7 wk chick can't walk - Update: botulism? - 6th day - new pic

Discussion in 'Emergencies / Diseases / Injuries and Cures' started by ArizonaDesertChicks, Nov 5, 2010.

  1. ArizonaDesertChicks

    ArizonaDesertChicks Eggstactic for Pretty Eggs

    2,378
    19
    199
    Dec 8, 2008
    Glendale, AZ
    This 7 1/2 week old chicks was totally normal yesterday, but this afternoon when I went to let the chicks into the garden, I noticed she couldn't walk very well. I brought her inside to rest and when I took her out this evening noticed two odd bumps when petting her. The tops of her legs are jutting out through her back feathers (see all 3 pics - the last one is the most obvious).



    [​IMG]


    side view of 1 of the bumps:

    [​IMG]

    This pic shows both bumps (legs jutting out the top):

    [​IMG]

    When she stands, her back looks normal, but she is quite wobbly when she walks. I've never seen this before - it's very strange and disconcerting to look at.


    I don't believe she has Marek's -- she's very young and has not been anywhere near our adult chickens (besides the fact that none of my adults have ever had it) and there are no wild birds that get into their pen.

    I was thinking she may have injured herself, but am unsure as to how she could have.


    The only thing out of the ordinary that I can think of is a change of feed yesterday. I've raised all my previous batches of chicks on Purina Start-n-Grow and started these 15 chicks on it also. I switched them a few weeks ago to Manna Pro, which is a much finer crumble. They liked it just as much as the Purina. Yesterday, we went and picked up another bag of Purina starter crumbles because it was more convenient (the store with Manna Pro is much farther from us). The chicks did not like the change. They have hardly eaten any of it for the past two days (yesterday and today). I kept thinking they'd get hungry and figure it out - it's served up in the same feeder and they used to eat when they were even smaller, but to no avail. This evening I wet it down into mash and they did eat some of that. Could this have caused a leg problem in one of my chicks? Not eating much for two days? They do eat some bugs and grass in the afternoons and ate the last of the Manno Pro yesterday morning.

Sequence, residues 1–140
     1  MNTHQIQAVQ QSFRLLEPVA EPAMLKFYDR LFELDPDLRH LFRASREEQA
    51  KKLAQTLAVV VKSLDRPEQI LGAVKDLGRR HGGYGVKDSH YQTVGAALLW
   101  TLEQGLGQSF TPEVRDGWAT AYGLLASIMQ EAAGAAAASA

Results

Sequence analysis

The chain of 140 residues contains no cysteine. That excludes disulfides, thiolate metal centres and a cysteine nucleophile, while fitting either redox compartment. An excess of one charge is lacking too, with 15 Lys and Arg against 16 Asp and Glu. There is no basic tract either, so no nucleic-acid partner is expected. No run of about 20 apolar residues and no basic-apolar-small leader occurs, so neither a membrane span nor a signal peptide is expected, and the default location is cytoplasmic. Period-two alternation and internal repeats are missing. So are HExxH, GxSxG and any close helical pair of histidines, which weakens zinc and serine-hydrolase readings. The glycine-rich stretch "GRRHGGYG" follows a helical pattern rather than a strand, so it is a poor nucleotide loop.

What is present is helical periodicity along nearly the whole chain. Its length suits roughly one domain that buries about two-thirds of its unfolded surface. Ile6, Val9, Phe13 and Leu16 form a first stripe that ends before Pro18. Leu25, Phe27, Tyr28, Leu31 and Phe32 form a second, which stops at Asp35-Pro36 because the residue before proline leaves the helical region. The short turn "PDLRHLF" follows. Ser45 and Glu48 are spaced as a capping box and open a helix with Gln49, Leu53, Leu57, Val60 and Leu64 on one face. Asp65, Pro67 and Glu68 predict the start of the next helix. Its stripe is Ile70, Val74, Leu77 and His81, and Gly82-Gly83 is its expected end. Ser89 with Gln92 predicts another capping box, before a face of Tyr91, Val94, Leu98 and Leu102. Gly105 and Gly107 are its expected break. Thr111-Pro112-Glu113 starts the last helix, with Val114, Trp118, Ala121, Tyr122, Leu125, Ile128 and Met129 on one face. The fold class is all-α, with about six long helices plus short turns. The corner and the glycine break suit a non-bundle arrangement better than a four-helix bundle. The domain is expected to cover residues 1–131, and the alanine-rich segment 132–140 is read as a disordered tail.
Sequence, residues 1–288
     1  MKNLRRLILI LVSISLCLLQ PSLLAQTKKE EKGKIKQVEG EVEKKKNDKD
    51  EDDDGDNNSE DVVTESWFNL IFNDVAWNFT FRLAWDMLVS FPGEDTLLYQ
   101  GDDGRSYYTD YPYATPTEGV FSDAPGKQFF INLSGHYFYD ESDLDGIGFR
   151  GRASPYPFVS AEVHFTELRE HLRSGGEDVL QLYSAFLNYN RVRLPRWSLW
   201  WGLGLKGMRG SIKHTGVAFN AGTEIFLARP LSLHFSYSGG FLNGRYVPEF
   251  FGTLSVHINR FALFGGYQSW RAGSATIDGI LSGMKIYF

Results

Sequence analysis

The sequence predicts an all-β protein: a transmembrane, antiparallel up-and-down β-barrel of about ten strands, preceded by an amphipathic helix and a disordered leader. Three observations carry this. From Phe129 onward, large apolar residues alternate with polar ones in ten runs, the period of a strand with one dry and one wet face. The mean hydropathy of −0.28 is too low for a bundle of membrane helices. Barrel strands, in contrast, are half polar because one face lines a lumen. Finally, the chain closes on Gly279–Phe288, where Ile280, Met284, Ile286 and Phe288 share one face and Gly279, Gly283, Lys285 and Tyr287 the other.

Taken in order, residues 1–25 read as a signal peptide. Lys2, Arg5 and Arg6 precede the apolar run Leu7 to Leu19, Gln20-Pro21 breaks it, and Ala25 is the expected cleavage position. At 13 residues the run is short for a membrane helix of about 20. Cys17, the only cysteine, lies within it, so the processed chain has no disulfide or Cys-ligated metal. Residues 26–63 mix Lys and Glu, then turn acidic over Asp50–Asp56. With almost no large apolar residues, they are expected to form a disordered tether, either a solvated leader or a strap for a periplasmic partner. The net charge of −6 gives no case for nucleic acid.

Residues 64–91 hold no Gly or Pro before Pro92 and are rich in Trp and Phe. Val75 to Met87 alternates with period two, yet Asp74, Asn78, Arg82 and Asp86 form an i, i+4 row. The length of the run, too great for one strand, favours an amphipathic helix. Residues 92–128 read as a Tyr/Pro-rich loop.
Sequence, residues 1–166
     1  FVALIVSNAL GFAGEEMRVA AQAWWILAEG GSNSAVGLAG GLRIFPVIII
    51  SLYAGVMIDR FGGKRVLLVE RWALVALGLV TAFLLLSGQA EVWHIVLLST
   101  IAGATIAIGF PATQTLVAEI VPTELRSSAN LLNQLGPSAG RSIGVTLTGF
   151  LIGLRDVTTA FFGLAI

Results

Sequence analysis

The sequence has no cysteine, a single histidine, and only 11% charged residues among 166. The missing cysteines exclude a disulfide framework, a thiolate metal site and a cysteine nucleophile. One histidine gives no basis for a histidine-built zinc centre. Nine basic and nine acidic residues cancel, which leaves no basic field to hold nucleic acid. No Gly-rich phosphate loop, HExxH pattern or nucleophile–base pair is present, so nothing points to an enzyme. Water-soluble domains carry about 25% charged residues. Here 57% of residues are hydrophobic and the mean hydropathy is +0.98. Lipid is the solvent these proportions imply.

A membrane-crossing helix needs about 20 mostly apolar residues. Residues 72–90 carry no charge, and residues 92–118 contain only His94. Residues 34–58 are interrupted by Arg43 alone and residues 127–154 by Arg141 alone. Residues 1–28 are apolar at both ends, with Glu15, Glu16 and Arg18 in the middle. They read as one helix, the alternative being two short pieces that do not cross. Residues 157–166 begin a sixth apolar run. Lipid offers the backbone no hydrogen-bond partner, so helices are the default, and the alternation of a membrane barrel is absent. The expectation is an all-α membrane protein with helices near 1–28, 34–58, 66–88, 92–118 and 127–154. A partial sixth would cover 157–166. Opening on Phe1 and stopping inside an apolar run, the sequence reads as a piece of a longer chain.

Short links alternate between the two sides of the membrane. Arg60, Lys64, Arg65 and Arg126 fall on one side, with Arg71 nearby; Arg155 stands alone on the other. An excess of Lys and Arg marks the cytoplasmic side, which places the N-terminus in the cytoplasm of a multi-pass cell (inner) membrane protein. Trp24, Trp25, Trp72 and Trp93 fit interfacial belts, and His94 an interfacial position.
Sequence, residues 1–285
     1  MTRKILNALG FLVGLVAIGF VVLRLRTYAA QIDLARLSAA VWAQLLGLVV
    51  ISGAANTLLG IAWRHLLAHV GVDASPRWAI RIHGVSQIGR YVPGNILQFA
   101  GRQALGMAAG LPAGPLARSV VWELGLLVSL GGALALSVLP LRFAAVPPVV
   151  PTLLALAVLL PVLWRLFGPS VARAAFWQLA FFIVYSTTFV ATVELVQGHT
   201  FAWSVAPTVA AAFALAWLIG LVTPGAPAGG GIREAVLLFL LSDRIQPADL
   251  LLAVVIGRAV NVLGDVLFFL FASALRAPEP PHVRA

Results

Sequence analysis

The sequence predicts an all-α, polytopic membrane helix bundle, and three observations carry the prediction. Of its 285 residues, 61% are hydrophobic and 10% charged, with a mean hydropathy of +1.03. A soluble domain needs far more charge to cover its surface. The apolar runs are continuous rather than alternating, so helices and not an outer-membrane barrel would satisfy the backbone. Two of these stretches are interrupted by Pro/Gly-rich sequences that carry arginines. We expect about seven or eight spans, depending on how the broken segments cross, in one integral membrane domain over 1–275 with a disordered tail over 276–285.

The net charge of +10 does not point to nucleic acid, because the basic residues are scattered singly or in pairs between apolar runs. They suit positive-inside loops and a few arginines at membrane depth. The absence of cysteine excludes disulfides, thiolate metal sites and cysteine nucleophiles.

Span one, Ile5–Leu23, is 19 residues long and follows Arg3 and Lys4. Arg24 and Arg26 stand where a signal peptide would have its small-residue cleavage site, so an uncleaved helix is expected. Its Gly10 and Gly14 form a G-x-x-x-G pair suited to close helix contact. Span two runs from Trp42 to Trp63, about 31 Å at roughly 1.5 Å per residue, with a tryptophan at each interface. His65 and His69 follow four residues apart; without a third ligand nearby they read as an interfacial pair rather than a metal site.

Until yesterday, when they didn't eat much, the chicks' diet consisted only of starter feed 24/7, a bit of grass, etc in the afternoons, and apple cider vinegar in their water.
     
    Last edited: Nov 11, 2010
  2. chkn

    chkn Chillin' With My Peeps

    1,664
    10
    131
    Jun 27, 2010
    I wonder if they got into some mold either in the old bag or the new one. No one seems overly hungry and this one may have some paralysis. Check into the possibility of botulism because that can cause paralysis. Have they had access to a compost pile or are there any dead critters on the property? Just reading the post again, maybe the garden isn't a good idea for now? If it's botulism, I'm not sure how to proceed. Maybe someone can weigh in here. Beautiful little hen btw.
     
  3. Mahonri

    Mahonri Urban Desert Chicken Enthusiast Premium Member

    30,361
    159
    446
    May 14, 2008
    North Phoenix
    My Coop
    Check for mold in the feed... where there any hard clumps of feed in the crumble?
     
  4. ArizonaDesertChicks

    ArizonaDesertChicks Eggstactic for Pretty Eggs

    2,378
    19
    199
    Dec 8, 2008
    Glendale, AZ
    The sectioned off 'garden' area they're in is probably 10 x 15 with no compost pile. No dead animals in there. The only plant they can reach to eat is some large zuchini leaves poking through the fence.

    There are no clumps in the new feed, but last night when I mentioned to my husband that the chicks didn't like the new feed, he told me there were bugs in it (he fed them the first day). Can 'old' feed cause paralysis? We just bought it, but I dont' know how long the store had it on their shelves. I hope I didn't harm the rest of them by wetting it down yesterday to get them to eat it. This morning, I gave them all cooked brown rice from our fridge to tide them over till I can get a new bag of feed (have to wait till store opens).